I stumbled across this blog post the other day on, once again, Ned Batchelder’s blog. It’s an interesting rant about how learning Python and Haskell have proved more frustrating than liberating because the author isn’t able to use Python or Haskell at work. When faced with a task at work which has to be done in C#, the author states that he thinks in Python (or Haskell) and has to translate it to C#.
The post came across as more of a “Why I’m More Frustrated by Knowing Python and Haskell” than “Why Python and Haskell Make You a Worse Programmer”. The frustration that this author describes is real. I’ve felt it many days when firing up Visual Studio to work on my at-work C# project. I would definitely prefer to code in Python than C#. And if I knew Haskell, I’d probably be saying the same about Haskell.
While most of what the author of the sited post was getting at was tongue-in-cheek/rant, he alluded to a potentially legitimate productivity penalty for knowing Python/Haskell. Many times, he would code up something in Python or Haskell to prove to himself that he could, in fact, accomplish the needed task more quickly and simply by using his preferred language. Even given the time “wasted” in such an exercise, I don’t consider his broader perspective necessarily a productivity hindrance. It would be extremely difficult to prove that writing a throwaway implementation of a task in the non-target language followed by a second implementation in the target language really costs more in the end than writing it only once in the target language. Is the second implementation in the target language more maintainable as a result of having written the throwaway? Did “practicing” with the non-target language help solve some specific problem more quickly later down the road? Does “playing” with the non-target language increase a programmer’s mental accuteness and clarity and allow easier, quicker thoughts when coding in the target language? I’m not asserting that this is the case. I’m just speculating. But I’m speculating that it’s likely the case. Specifically, I’m speculating that a broader perspective and regular exercise with a variety of technologies is beneficial in the long run.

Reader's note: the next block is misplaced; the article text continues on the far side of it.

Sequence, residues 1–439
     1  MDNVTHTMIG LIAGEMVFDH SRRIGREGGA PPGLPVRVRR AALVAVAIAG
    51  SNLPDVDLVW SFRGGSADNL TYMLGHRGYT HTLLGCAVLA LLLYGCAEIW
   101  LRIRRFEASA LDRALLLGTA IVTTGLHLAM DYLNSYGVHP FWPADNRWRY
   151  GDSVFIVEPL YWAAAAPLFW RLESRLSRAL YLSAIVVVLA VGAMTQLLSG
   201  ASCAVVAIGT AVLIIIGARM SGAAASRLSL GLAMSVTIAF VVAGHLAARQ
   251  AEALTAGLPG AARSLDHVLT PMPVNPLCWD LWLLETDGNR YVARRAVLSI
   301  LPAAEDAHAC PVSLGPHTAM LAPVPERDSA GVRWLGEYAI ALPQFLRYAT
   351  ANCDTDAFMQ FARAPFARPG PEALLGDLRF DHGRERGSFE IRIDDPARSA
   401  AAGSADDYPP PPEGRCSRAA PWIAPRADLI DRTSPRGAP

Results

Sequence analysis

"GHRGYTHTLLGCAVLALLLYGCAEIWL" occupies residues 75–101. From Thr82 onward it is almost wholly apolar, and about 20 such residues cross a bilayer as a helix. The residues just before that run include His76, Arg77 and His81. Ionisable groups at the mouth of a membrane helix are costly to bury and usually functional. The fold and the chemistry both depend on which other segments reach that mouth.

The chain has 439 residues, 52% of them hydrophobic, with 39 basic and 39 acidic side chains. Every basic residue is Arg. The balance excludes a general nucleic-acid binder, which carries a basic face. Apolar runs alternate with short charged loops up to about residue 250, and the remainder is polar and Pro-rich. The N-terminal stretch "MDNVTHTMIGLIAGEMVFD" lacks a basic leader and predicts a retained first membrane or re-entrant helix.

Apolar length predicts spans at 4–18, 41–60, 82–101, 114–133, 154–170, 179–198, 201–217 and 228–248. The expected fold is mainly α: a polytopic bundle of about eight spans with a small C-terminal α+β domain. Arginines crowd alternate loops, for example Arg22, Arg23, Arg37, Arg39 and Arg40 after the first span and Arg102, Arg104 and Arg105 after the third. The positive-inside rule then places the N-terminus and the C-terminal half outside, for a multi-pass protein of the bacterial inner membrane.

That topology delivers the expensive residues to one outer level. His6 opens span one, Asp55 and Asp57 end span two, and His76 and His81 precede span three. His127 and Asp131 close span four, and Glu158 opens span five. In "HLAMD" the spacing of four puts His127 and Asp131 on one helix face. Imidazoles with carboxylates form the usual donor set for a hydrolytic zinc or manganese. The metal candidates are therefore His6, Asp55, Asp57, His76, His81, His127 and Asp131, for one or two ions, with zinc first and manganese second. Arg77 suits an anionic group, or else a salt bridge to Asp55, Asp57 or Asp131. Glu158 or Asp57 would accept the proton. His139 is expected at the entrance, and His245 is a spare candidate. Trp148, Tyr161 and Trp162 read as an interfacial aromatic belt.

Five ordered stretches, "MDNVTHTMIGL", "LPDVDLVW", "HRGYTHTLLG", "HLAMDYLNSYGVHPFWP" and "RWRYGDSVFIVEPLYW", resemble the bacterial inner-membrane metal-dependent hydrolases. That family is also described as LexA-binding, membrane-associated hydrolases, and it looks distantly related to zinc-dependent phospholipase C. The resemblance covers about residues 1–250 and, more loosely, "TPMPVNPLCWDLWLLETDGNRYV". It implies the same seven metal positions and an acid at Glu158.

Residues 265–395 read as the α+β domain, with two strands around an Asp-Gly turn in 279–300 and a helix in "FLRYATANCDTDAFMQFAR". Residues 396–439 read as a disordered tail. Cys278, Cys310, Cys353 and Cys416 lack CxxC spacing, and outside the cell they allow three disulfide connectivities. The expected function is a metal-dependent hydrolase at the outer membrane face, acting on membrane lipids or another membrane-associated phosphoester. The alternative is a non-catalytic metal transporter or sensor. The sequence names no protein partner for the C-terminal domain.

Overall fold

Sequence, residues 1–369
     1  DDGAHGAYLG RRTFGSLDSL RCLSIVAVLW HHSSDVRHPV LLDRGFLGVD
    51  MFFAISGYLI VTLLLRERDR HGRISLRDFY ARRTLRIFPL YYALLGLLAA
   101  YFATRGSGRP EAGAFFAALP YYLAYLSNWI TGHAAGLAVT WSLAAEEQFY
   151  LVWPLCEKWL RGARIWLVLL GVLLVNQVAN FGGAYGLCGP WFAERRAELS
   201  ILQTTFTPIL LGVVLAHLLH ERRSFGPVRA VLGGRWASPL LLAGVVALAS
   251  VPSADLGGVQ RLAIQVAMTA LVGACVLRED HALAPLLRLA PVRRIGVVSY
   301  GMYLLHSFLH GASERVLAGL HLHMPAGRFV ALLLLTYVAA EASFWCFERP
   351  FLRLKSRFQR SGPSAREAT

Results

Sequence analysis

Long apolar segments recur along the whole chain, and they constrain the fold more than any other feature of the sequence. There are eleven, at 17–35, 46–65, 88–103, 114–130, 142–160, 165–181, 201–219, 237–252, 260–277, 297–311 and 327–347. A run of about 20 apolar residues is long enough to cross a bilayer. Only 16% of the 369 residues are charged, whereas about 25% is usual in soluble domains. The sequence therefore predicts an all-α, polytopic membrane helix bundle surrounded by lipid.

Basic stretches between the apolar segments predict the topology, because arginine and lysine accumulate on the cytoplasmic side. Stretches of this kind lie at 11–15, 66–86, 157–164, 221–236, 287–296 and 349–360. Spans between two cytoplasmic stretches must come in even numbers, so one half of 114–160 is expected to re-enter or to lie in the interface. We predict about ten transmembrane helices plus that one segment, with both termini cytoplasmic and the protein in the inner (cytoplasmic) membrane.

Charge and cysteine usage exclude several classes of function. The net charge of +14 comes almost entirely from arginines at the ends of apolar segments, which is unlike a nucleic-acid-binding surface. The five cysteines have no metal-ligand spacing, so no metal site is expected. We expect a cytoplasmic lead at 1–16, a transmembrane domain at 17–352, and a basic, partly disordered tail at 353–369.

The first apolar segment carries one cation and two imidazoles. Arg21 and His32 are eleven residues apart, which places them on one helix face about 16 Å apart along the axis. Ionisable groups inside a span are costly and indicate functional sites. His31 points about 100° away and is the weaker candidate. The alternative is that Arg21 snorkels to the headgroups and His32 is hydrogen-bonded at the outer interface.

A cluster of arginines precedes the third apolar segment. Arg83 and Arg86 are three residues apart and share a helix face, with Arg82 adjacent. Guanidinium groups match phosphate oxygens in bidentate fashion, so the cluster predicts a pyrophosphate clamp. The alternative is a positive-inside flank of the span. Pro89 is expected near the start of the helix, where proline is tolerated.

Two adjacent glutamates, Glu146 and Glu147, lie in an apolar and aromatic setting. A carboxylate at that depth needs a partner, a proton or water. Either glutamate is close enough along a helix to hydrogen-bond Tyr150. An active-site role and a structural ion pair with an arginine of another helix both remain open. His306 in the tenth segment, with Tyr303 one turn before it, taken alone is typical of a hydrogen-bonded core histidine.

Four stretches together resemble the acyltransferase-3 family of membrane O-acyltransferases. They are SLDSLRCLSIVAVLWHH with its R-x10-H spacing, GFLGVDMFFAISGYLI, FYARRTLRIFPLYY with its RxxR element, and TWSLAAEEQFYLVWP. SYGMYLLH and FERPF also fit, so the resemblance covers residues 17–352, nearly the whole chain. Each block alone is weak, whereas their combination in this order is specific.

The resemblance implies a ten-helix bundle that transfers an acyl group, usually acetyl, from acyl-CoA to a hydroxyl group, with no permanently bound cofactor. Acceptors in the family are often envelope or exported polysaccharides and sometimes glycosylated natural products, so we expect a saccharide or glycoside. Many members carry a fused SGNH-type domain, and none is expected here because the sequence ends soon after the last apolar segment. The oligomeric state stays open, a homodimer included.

Ned, in his typically Neddish manner, provided a number of excellent suggestions to alleviate said C#-frustration. Definitely check out Ned’s blog (linked to above). He doesn’t say, “Try to forget Python and Haskell.” He seems to be saying to embrace them, but sometimes work is, well, work. My conclusion is that if you know a language like Python or Haskell (or Perl or Ruby) and have to work on a language like C# or Java or C++, you’re probably going to be frustrated. But keep yourself well rounded. Keep working in your language of choice when you can, whether at work or home. Try to do things idiomatically within the limits of the language you’re working in. Don’t try to force fit ideas from your favorite language into a less favorite language. And read Ned’s blog. (Did I say that already? :-) He has some more tips on lowering the frustration level.